When selecting your siding style and color, there are some things to consider:

  • Ease of installation – if you’re installing this siding yourself, make sure it is within your skill set and requires no special tools.  Some siding can also create harmful dust when cut.  So, it is important you prepare for that.
  • Energy efficiency – Check the R-value rating for energy savings.  This will help you understand what will be needed as far as insulation under the cladding.
  • Aesthetics – Your new siding will be in full view every time you come and go.  Make sure it is what you want and looks beautiful to you.
  • Durability – When choosing siding, you want to ensure it will have the strength to stand up to every day wear and tear.  Depending on where you live, temperature shifts and severe weather can affect the durability of your siding.

A good contractor can help you choose the appropriate siding for your home style and geographic area.  To ensure your siding is installed correctly, your siding should be installed by a certified VSI (Vinyl Siding Institute) Installer.  VSI Certified Installers are trained in the proper techniques, which will ensure a quality installation on your home.

Custom Home Construction (Siding)

Vinyl Siding

Vinyl Siding

The cold weather isn’t slowing us down.  Our productivity continues on the new home construction as the siding was completed this week.

Once the exterior walls are built and installed, the house is covered with Tyvek, or house wrap.  House wrap prevents outside water from entering the walls and helps seal the home and keep outside air from coming into the house.  Once the house wrap is attached to the house, window flashing tape is applied around all window and door frames to seal out water and eliminate drafts.  Then, vinyl siding can be installed.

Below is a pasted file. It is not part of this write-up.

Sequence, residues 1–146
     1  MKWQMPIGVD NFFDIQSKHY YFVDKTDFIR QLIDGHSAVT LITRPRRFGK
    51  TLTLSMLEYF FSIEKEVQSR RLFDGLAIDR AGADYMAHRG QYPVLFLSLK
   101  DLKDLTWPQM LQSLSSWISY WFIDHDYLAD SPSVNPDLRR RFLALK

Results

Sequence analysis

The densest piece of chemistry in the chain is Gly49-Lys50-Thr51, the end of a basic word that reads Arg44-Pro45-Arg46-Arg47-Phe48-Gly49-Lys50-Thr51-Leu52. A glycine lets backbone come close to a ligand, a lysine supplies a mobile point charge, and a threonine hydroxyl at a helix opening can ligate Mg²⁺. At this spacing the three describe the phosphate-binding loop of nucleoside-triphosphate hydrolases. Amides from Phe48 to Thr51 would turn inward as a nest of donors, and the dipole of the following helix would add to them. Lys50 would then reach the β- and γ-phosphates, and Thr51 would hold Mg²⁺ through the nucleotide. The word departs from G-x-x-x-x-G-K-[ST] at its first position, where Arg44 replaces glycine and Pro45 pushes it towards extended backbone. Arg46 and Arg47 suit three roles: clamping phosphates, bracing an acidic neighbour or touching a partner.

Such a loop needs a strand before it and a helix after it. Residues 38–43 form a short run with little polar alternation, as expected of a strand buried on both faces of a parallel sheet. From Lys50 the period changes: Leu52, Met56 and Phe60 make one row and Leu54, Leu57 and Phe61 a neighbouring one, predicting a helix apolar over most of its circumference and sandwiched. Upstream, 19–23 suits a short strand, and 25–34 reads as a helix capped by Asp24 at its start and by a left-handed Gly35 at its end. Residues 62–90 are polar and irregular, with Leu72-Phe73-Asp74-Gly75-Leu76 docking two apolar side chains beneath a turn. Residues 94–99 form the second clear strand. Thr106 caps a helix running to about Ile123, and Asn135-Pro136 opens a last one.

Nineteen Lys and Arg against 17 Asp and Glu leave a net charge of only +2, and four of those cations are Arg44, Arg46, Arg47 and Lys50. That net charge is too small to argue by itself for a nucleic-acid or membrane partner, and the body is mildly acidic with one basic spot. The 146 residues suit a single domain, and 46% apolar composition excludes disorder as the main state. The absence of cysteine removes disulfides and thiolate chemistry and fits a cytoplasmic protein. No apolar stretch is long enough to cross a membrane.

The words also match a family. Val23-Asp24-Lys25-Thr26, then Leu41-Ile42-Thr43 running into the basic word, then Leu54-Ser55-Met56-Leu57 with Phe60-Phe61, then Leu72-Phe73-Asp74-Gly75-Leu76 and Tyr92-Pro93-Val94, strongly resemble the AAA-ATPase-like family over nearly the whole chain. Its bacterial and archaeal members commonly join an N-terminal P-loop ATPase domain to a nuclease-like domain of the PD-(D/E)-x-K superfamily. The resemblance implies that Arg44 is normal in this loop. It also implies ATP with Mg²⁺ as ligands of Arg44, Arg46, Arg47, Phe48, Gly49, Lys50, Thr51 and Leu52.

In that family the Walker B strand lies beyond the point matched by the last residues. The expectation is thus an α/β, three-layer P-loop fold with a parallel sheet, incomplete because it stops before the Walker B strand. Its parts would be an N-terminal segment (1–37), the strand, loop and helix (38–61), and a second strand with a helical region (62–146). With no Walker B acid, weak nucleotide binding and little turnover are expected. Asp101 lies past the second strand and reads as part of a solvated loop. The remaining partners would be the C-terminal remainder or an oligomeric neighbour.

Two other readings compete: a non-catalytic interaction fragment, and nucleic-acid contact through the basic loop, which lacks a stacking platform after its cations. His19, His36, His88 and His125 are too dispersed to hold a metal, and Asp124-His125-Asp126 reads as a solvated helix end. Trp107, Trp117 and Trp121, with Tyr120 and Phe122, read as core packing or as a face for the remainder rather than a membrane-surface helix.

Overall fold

Vinyl siding is a plastic exterior siding for a house and used for decoration and weatherproofing.  Vinyl is used instead of other materials, like aluminum or fiber cement.  It is an engineered product manufactured primarily from polyvinyl chloride (PVC) resin.

Approximately 80 percent of vinyl siding’s weight is PVC resin, with the remaining 20 percent being ingredients that impart color, opacity, gloss, impact resistance, flexibility and durability.  Vinyl is the most commonly installed exterior cladding for residential construction in the United States and Canada.

Vinyl siding was introduced in the late 1950’s as a replacement for aluminum siding.  It was first produced by an independently owned manufacturing plant, Crane Plastics in Columbus, OH.  The process was originally done through mono-extrusion and the blending of colors was done manually.  This process made it difficult to produce and install a consistent, quality product.

Beginning in the late 1970’s, the industry changed its formulation to improve the product’s production speed, impact resistance and range of colors.  In the following decade, vinyl siding grew in popularity in large part due to its durability, versatility and ease of maintenance.

Today, vinyl siding is manufactured by coextrusion.  Two layers of PVC are laid down in a continuous extrusion process.  The top layer is weatherable capstock, which comprises about a third of the siding thickness.  The capstock includes about 10% titanium dioxide, which is a pigment and provides resistance to breakdown from UV light.  The lower layer, known as substrate, is typically about 15% ground limestone (which is largely calcium carbonate).  The limestone reduces cost, and also balances the titanium dioxide, keeping both extrusion streams equally fluid during manufacturing.

For this new home construction project, we used 4.5” Dutch Lap Profile Vinyl in Pebblestone Clay by Mastic Home Exteriors.  Whether you are remodeling your home or building a new home, you can eliminate painting your home forever.

Keep checking back for the latest updates on this new home.  The wells for the geo thermal system will be dug and insulation should be installed soon.